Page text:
Int. J. Environ. Res. Public Health 2012, 9(10), 3588-3598; doi:10.3390/ijerph9103588
Article

Addressing Social Determinants of Health by Integrating Assessment of Caregiver-Child Attachment into Community Based Primary Health Care in Urban Kenya

1 Orphans and Vulnerable Children’s Project in Africa, and Department of International Health, Johns Hopkins Bloomberg School of Public Health, and Department Public Health Sciences, University of Virginia Faculty of Medicine, 250 Pantops Mountain Road, Apt 5223 Charlottesville, VA 22911, USA 2 Orphans and Vulnerable Children’s Project in Africa, 250 Pantops Mountain Road, Apt 5223 Charlottesville, VA 22911, USA 3 Guatemala Initiative, School of Medicine, University of Virginia, 737 Locust Avenue Charlottesville, VA 22902, USA 4 Orphans and Vulnerable Children’s Project in Africa, P.O. Box 433-00242 Kitengela, Nairobi, Kenya 5 Department of Public Health, University of Tennessee, 1914 Andy Holt Avenue, Knoxville, TN 37996, USA
* Author to whom correspondence should be addressed.
Received: 16 August 2012; in revised form: 18 September 2012 / Accepted: 26 September 2012 / Published: 12 October 2012
(This article belongs to the Special Issue Social and Economical Determinants of Health)
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Abstract: A principle strategic insight of the Final Report for WHO’s Commission on Social Determinants of Health (SDOH) is that the nurturant qualities of the environments where children grow up, live, and learn matter the most for their development. A key determinant of early childhood development is the establishment of a secure attachment between a caregiver and child. We report initial field-tests of the integration of caregiver-child attachment assessment by community health workers (CHWs) as a routine component of Primary Health Care (PHC), focusing on households with children under 5 years of age in three slum communities near Nairobi, Kenya. Of the 2,560 children assessed from July–December 2010, 2,391 (90.2%) were assessed as having a secure attachment with a parent or other caregiver, while 259 (9.8%) were assessed as being at risk for having an insecure attachment. Parent workshops were provided as a primary intervention, with re-enforcement of teachings by CHWs on subsequent home visits. Reassessment of attachment by CHWs showed positive changes. Assessment of caregiver-child attachment in the setting of routine home visits by CHWs in a community-based PHC context is feasible and may yield valuable insights into household-level risks, a critical step for understanding and addressing the SDOH.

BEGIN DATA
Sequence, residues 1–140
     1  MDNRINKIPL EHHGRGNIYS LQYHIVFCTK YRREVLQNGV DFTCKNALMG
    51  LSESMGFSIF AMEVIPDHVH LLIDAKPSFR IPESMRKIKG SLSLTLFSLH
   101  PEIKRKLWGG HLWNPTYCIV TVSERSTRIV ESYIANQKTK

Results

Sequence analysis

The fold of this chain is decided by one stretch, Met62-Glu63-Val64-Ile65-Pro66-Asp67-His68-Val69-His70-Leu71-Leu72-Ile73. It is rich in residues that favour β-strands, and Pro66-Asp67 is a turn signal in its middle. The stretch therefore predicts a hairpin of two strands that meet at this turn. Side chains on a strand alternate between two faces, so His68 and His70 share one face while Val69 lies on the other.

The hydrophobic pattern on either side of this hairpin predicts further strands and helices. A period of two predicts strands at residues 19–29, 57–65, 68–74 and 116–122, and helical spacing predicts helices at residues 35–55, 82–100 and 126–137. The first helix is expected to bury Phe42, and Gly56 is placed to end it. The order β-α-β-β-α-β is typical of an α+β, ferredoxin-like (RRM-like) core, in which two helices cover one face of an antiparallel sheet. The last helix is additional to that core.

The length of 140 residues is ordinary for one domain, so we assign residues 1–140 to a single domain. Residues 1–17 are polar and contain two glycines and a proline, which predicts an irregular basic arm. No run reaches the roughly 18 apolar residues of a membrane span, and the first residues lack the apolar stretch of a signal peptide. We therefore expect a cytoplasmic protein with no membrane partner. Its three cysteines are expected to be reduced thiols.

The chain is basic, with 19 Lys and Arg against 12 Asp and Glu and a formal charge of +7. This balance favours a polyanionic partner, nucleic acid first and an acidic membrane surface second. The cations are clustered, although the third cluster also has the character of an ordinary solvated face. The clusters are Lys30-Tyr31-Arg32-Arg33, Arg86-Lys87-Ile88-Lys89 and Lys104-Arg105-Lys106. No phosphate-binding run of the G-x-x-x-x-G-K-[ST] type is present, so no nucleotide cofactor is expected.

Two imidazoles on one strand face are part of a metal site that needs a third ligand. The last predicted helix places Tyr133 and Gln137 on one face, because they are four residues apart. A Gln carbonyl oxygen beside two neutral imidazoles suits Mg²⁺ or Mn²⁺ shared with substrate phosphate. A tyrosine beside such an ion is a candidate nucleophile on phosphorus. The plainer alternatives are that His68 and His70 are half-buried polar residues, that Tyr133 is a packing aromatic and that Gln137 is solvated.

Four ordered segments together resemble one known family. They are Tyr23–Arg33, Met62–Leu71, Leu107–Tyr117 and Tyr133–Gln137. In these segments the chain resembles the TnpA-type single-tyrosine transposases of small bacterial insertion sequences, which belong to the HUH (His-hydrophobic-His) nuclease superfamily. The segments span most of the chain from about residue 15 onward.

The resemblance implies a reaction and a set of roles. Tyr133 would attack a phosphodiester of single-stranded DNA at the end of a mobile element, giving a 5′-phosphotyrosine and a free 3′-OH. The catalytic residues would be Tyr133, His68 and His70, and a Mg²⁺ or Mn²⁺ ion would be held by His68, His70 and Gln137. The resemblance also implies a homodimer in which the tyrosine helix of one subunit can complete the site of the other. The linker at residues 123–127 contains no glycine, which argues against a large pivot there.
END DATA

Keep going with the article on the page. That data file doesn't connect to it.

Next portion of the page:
Keywords: social determinants of health; early childhood development; caregiver-child attachment

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MDPI and ACS Style

Bryant, J.H.; Bryant, N.H.; Williams, S.; Ndambuki, R.N.; Erwin, P.C. Addressing Social Determinants of Health by Integrating Assessment of Caregiver-Child Attachment into Community Based Primary Health Care in Urban Kenya. Int. J. Environ. Res. Public Health 2012, 9, 3588-3598.

AMA Style

Bryant JH, Bryant NH, Williams S, Ndambuki RN, Erwin PC. Addressing Social Determinants of Health by Integrating Assessment of Caregiver-Child Attachment into Community Based Primary Health Care in Urban Kenya. International Journal of Environmental Research and Public Health. 2012; 9(10):3588-3598.

Chicago/Turabian Style

Bryant, John H.; Bryant, Nancy H.; Williams, Susanna; Ndambuki, Racheal Nduku; Erwin, Paul Campbell. 2012. "Addressing Social Determinants of Health by Integrating Assessment of Caregiver-Child Attachment into Community Based Primary Health Care in Urban Kenya." Int. J. Environ. Res. Public Health 9, no. 10: 3588-3598.

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